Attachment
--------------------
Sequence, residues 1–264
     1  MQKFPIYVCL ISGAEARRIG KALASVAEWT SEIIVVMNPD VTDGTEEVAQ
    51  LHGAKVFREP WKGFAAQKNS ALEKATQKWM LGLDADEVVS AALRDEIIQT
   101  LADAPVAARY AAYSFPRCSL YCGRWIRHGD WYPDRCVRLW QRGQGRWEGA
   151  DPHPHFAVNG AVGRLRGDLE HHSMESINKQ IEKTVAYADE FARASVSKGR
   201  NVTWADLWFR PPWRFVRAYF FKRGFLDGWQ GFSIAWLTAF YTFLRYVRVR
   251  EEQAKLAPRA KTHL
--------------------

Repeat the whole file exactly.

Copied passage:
Sequence, residues 1–264
     1  MQKFPIYVCL ISGAEARRIG KALASVAEWT SEIIVVMNPD VTDGTEEVAQ
    51  LHGAKVFREP WKGFAAQKNS ALEKATQKWM LGLDADEVVS AALRDEIIQT
   101  LADAPVAARY AAYSFPRCSL YCGRWIRHGD WYPDRCVRLW QRGQGRWEGA
   151  DPHPHFAVNG AVGRLRGDLE HHSMESINKQ IEKTVAYADE FARASVSKGR
   201  NVTWADLWFR PPWRFVRAYF FKRGFLDGWQ GFSIAWLTAF YTFLRYVRVR
   251  EEQAKLAPRA KTHL